The COVID Pandemic

This last year, with the disastrous COVID-19 pandemic, has been a challenging one worldwide. Massive setbacks in health and livelihoods have accentuated the stark inequities within communities and between countries. Especially in nations with a huge gap between rich and poor, those living in the most disadvantaged conditions have been hardest hit by the virus. Not only do those with the lowest wages live in the most crowded and vulnerable conditions, but typically do the “essential” jobs that increase their exposure to the virus. And they often have preexisting health conditions that increase the morbidity of the virus.

The United States, with an income gap among the world’s widest, has likewise had by far the highest rates of COVID. The US, with only 5% of the global population, soon had over 20% of the world’s cases and deaths from COVID. There are many contributing causes for this, including high-level mismanagement and a maelstrom of misinformation, coupled with systemic racial and class discrimination. In the US, COVID case and death rates among Latinos and Blacks have been two to three times higher than in whites—an inequality led by the glaring disparity of income.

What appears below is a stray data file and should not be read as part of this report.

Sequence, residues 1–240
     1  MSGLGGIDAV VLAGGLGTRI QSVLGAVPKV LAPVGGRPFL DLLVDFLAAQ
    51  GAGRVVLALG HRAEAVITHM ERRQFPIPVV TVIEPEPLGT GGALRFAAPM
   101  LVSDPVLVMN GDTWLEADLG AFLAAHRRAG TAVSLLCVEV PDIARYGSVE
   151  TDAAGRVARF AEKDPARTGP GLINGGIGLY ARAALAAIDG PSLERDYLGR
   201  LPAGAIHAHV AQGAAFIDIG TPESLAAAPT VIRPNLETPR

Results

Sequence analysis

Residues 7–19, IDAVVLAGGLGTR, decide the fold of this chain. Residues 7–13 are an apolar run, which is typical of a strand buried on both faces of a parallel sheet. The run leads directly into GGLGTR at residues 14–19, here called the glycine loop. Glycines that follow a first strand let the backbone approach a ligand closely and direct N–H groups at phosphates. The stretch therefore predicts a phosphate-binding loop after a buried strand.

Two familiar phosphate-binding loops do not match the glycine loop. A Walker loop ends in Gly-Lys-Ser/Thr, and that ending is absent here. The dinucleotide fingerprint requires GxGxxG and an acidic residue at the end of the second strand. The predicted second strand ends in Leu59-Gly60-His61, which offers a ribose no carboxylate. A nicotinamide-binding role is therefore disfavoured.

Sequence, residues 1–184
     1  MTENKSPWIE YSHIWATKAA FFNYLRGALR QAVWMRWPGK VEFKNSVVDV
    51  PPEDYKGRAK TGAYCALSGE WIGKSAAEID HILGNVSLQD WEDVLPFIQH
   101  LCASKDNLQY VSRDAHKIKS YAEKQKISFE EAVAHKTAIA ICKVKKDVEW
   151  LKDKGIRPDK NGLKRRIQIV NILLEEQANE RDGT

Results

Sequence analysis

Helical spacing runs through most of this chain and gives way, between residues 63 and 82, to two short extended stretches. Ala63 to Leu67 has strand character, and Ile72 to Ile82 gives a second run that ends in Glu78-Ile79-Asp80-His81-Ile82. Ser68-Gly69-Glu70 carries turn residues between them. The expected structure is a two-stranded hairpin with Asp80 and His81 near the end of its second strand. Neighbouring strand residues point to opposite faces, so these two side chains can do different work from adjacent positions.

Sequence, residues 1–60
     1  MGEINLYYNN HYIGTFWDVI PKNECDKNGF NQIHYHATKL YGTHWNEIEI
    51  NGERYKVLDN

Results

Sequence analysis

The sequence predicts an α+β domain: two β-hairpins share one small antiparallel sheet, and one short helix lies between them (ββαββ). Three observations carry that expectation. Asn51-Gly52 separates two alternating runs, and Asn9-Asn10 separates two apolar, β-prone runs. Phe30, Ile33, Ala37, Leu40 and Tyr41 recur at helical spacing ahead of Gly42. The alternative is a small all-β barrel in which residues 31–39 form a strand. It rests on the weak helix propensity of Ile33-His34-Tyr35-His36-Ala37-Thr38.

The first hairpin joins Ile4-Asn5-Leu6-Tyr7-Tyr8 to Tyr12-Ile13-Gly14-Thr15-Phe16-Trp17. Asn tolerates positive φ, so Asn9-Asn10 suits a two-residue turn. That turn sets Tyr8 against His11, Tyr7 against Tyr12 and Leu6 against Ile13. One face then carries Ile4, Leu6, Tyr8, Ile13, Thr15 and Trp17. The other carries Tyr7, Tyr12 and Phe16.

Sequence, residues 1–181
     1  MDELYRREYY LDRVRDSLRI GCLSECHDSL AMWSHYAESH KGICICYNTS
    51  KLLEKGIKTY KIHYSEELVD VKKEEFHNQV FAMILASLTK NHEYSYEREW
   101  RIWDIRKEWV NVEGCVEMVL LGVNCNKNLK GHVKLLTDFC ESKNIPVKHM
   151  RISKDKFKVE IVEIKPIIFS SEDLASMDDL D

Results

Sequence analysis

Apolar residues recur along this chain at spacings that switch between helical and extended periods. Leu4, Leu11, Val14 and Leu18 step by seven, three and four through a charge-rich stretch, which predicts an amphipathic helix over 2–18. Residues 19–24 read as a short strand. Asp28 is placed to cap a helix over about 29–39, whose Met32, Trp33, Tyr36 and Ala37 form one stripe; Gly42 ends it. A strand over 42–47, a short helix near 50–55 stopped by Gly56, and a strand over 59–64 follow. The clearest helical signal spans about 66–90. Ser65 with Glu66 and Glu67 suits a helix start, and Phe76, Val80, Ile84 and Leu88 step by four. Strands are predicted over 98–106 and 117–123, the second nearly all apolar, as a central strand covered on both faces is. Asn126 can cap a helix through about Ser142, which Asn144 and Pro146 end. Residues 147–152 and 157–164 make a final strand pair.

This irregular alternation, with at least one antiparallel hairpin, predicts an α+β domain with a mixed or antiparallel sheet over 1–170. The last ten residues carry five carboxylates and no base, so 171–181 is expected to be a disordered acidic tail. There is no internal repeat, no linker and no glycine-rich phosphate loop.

In Mexico, the pandemic has likewise struck disastrously hard—in part for similar reasons. After the US and Brazil, Mexico has among the highest income disparities in the Americas. Although the World Bank now dubs Mexico a “middle-income country” (MIC) thanks to its growing number of multimillionaires, a large swath of the population still lives near or below the poverty line. The living and working conditions of this impoverished underclass make social distancing and other COVID precautions difficult. And widespread distrust of authorities doesn’t help.